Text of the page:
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How Do These Super Rich Families Manage Their Wealth

  • The Vanderbilt's.
  • The Kluges.
  • The Hartford's.
  • The Pulitzer's.
  • The Strohs.

Keeping things in the family business seems to be a great idea!

Not much can go wrong because you trust your family, right? That might be the case, but as you pass it along, generation after generation, you tend to either go astray, lose what you build throughout the years, or be forced to branch outside of family relations. Some of the richest families have gone bankrupt throughout the years.

Let’s see how long these rich families managed to keep their wealth.

The Vanderbilts

The Vanderbilts could have very well have been the richest family in history. As most success stories go, Cornelius Vanderbilt started the business in the 1870s with only one hundred dollars and grew it until the net worth of the business got to 200 billion dollars in today's’ currency.

His son, continued to double down the profits, making the business even bigger, until his children and grandchildren got ahold of the fortune. They were excessive spenders, and soon enough there was nothing left of the Vanderbilts, except for a university with their family name.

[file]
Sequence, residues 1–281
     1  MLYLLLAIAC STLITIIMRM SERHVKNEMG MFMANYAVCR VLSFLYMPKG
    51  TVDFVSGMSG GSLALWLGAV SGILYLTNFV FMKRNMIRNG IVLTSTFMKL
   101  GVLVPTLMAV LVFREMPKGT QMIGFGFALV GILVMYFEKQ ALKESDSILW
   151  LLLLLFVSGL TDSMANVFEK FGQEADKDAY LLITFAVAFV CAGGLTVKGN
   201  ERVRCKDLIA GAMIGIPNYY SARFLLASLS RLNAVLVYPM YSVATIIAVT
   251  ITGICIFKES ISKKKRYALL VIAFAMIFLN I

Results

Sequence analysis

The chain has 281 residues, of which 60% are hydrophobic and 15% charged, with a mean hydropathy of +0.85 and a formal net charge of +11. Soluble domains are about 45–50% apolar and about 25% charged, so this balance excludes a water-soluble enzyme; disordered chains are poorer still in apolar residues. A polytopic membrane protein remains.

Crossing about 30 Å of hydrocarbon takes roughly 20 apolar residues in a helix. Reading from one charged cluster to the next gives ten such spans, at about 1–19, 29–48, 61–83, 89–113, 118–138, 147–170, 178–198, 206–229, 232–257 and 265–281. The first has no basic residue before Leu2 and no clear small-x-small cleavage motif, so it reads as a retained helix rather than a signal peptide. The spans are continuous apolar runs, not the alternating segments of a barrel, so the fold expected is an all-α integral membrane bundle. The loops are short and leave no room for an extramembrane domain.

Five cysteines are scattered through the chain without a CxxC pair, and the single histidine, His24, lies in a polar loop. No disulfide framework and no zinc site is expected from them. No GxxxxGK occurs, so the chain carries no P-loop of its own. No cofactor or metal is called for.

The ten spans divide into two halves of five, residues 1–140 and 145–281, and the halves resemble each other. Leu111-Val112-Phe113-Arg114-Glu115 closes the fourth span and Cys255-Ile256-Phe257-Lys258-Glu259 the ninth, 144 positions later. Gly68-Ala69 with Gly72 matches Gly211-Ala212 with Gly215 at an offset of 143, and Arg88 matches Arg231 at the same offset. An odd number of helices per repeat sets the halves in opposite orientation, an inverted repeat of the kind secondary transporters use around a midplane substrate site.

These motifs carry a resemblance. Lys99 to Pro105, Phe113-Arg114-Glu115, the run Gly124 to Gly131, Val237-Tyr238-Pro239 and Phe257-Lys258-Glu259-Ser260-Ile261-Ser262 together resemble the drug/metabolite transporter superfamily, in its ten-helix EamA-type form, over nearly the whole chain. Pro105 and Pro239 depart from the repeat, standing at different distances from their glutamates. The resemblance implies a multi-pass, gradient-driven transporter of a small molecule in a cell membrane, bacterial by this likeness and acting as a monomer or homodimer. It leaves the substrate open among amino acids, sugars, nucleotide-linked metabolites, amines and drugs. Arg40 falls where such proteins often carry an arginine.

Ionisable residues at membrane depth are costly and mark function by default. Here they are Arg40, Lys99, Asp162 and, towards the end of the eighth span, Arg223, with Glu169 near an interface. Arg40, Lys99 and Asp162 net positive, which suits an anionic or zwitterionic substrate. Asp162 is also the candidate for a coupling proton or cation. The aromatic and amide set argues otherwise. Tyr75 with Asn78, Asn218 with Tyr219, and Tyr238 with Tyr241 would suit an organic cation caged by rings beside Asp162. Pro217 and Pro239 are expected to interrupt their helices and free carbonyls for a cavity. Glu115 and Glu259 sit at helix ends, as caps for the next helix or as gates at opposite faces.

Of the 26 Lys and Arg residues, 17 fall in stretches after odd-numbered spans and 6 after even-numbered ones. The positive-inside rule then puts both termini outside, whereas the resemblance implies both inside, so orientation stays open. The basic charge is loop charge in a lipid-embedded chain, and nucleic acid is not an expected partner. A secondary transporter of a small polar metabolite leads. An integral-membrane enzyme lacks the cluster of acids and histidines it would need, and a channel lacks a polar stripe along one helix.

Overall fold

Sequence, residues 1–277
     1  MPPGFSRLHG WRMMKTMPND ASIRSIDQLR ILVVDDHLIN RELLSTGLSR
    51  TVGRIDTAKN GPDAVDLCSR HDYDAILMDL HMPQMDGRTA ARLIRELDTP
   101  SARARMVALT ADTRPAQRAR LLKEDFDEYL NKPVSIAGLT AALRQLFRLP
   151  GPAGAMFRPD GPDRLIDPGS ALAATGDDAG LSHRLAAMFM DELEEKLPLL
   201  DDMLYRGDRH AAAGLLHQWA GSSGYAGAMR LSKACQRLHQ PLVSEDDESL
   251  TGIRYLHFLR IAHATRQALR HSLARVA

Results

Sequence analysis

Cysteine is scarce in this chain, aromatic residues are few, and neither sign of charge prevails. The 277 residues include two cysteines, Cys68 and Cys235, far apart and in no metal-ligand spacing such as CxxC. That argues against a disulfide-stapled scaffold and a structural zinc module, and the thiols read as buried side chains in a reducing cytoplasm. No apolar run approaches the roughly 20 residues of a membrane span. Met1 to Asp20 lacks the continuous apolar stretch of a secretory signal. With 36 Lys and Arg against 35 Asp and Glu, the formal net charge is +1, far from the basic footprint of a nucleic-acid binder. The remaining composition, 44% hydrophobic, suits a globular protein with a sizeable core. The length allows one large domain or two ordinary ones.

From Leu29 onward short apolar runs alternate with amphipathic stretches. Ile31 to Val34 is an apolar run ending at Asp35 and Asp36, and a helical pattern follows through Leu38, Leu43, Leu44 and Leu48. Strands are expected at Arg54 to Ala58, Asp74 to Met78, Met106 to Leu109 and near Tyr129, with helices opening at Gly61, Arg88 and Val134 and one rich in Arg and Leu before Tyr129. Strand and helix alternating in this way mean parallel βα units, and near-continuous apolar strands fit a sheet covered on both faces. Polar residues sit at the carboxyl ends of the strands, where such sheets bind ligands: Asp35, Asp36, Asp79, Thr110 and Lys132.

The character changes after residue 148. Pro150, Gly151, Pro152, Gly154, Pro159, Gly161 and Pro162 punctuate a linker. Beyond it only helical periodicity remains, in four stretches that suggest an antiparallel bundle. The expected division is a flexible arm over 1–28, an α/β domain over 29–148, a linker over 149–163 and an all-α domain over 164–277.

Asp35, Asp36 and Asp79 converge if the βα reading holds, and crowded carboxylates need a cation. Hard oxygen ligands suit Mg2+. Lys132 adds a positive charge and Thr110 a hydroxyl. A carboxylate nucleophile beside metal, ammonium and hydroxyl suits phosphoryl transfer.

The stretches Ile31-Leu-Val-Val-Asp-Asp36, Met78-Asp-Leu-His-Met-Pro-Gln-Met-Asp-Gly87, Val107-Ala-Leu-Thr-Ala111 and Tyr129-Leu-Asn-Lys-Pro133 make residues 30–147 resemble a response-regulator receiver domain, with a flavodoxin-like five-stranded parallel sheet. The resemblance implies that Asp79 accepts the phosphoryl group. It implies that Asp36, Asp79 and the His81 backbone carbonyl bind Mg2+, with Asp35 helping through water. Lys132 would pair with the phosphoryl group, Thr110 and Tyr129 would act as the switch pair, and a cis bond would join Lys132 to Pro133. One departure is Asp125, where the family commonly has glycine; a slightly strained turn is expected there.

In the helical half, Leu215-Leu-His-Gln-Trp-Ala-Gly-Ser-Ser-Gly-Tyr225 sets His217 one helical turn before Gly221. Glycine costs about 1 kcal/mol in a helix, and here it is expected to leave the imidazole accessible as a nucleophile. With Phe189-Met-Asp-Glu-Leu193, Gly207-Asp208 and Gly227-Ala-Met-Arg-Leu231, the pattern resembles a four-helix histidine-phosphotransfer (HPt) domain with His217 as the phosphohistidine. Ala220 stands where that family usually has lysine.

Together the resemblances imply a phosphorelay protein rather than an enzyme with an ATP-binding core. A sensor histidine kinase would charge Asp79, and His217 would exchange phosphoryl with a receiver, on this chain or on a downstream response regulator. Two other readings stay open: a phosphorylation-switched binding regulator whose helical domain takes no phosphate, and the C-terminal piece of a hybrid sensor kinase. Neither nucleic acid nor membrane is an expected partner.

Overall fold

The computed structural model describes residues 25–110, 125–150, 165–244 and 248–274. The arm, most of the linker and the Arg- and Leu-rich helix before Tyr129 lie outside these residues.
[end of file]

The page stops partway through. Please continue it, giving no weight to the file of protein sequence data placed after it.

The Kluges

John Werner Kluge, the world's richest man in 1987, was the owner of many TV stations, and upon selling them, they went on to be the foundation to today's’ FOX, and John got a good 4 billion-dollar deal out of it. The fortune was divided into the family and it almost ran out completely, but the final blow was when John and his wife got divorced.

After divorcing his wife, she took their house and one million dollars per year. She spent all her money on a vineyard and went deep off in debt, and eventually was bought out for a small amount of money by Donald Trump. This is how the fortune ceased to exist.

The Hartford's

The Hartfords were the founders of the Atlantic & Pacific Tea Co. which opened for business in 1915 and closed back in 2015. Back in the day, when it was run by George Hartford, it was the biggest retailer worldwide, with people today comparing it to the popularity of Mc Donalds.

It all went wrong when his nephew inherited the business. He wasn’t the brightest mind for business, and all the acquired fortune was spent on art, an expensive lifestyle, and on petty investments which failed, along with the business.

The Pulitzers

The Pulitzers were not only a well-known and successful family, but they were also very respected because of their investments. Joseph Pulitzer came from Hungary with nothing and went on to build a highly successful publishing business, and he also founded the Columbia School of Journalism, hence the reason why to this day they hand out Pulitzer prizes.

His grandson, upon taking a hold of the business bought a massive piece of land and turned it into a citrus farm, which soon failed as a disease destroyed the trees. This is how the hard-earned money was spent, leaving him with almost nothing.

The Strohs